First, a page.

Unless the market is red hot it is normal to offer less than the asking price.
I don't get why you guys even look at the rv would you look at the council tax band of a uk house and use that to form a price, it's insane!
make up a number, offer that subject to valuation, go to your bank and get the bank to value it for you, change your offer to match if needed. it's the only safe way for an immigrant to buy a house.
gorrrrr that sounds harsh it's not meant to be I'm just trying to say you need professional conservative help to value a house if you don't know the market so go ask the bank. let me add this, I've known a kiwi offer less money for a house because the garden was too big, as she put it too big for a garden to small to put to work...... it's just more work, oh I've also seen another kiwi drop an offer unless the swimming pool was filled in.
so get a valuation by someone with a vested interest, the bank, tell them your placing a minimum deposit, that makes them really extra careful.
And the cost of selling over here is so high then it's a big cost.
And over here you can buy and be in within 2 -3 weeks. So the cost of a hotel for 3 weeks tops in the context of the risk you're taking is surely worth considering. It's not like the UK where it takes months from seeing a place to being in.
Put offer in. Agent says it is an insult and vendor won't respond. I said they were unlikely to sell their house if they won't discuss offers with purchasers and was I correct in thinking the house had been on the market since Feb without an offer, Felt like a right cow, my friend who viewed the house laughed at me and said that was normal negotiating in NZ.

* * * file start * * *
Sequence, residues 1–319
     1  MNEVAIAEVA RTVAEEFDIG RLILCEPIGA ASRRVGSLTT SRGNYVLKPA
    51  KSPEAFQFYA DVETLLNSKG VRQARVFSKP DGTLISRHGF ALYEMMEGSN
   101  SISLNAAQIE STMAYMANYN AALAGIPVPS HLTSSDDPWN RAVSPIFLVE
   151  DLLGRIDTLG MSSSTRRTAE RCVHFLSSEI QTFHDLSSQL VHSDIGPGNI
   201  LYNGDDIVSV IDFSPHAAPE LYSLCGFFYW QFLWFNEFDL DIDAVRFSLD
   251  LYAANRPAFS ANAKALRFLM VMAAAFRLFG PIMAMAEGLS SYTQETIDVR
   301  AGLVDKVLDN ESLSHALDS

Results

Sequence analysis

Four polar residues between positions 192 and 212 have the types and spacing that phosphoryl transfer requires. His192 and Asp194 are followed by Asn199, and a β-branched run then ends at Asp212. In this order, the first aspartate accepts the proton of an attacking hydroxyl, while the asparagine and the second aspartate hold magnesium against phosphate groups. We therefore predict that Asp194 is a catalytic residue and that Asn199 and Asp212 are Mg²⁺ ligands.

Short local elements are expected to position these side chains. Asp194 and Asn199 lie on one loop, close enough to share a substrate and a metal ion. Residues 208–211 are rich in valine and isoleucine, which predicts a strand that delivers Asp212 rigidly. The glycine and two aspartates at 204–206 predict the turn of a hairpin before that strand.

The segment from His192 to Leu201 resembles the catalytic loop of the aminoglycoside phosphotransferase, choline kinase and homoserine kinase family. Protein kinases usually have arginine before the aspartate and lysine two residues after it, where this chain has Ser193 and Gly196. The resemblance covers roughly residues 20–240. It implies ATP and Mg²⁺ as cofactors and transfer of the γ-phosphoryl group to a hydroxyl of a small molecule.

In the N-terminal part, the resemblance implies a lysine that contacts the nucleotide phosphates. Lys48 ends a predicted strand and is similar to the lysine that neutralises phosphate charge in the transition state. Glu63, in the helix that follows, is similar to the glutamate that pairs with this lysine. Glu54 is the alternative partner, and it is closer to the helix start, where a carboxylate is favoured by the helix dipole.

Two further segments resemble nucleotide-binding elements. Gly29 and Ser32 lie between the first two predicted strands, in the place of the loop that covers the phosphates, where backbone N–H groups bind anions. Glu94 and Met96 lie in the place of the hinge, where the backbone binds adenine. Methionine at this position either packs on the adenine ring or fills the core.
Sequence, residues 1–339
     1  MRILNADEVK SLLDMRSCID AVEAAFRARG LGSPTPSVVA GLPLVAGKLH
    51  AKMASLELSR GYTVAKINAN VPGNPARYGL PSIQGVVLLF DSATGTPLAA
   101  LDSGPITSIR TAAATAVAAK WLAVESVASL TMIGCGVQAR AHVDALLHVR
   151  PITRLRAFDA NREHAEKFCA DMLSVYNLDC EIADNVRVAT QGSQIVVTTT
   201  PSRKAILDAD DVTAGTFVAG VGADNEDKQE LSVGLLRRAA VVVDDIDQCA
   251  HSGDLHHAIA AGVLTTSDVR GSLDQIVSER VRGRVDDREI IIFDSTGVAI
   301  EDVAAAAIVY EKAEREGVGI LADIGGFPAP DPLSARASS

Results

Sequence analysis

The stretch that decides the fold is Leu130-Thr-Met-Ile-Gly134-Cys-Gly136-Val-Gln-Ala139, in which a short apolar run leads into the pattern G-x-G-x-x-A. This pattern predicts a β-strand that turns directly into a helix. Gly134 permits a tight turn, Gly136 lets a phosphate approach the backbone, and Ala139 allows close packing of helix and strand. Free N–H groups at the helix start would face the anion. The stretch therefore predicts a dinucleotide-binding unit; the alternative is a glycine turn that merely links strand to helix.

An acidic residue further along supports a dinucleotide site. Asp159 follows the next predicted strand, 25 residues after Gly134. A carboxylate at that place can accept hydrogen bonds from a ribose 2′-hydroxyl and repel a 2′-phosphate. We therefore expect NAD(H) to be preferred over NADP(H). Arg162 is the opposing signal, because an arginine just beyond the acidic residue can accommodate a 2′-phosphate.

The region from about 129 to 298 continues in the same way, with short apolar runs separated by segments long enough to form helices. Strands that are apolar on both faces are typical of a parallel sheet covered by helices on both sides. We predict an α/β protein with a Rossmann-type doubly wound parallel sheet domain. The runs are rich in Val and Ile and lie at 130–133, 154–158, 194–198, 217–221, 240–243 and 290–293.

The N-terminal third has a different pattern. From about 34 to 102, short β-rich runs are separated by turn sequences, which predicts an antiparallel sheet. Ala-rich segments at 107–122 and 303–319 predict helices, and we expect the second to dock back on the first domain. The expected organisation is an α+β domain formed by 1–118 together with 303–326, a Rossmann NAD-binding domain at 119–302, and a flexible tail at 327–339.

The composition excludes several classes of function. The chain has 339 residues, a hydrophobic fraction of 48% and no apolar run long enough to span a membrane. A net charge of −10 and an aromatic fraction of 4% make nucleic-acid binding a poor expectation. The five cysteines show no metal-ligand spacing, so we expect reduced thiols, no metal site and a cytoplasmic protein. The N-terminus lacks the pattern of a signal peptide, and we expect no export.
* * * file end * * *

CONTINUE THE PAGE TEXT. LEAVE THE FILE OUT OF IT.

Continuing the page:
The golden rule is never offer the asking price .allways come in lower but not too low,say 10%.This will probably be rejected but then you come up until an acceptable price is met.We offered 10% less on our land and ended up saving 5%. As said already try to find out the average price in the area.
For me - If Im looking at a property and REALLY want to know what to offer - id pay for an independent registered valution. That would tell me the absolute maximum I would pay for that property if im buying it to live in. The best reason I can see for doing this rather than using a "rule of thumb" of 5-10% above or below is that some sellers' ideas of what there home is worth in the current market are (to put it politely) a bit far out
any estate agent will give you a record of recent sales. also once a property has an offer accepted - eg the day after a tender - the agent will tell you what the property went for. we've been keeping a big list of each one we've seen, what condition it was in, what the rating valuation is, how much they asked for it (eg BEO or if the agent was prepared to discuss a guide price) and finally how much it went for. once you are thinking about making an offer on a specific property you can get a QV report which costs about $35. this tells you a bit about the property (legal title info, floor area etc) and gives a likely selling range and a list of other local relevant sales (address, date of sale, size of the property - both inside and the size of the section, what its constructed out of, how much it sold for)
Cost to buying a property in New Zealand Edit
Costs of buying property in New Zealand are fairly low since there is no stamp duty and the estate agent's fees are typically paid by the seller of the property. You will need to budget for the following:
- Solicitor's fee - $1,000 to $2,000 depending on the extent of the searches to be carried out - more for further assistance with immigration/taxation etc.
- Valuation fee - $400-$500
- Transfer fee - $50-$70
- Building inspection report - $400-$500
- Land Information Memorandum - contains information from the local council on the boundaries, building consents for the property etc. $100-$400
If you are buying with a mortgage, you will be required to pay a registration fee of approximately $50. All these figures include GST (Goods and Services Tax) which was increased to 15% in October, 2010.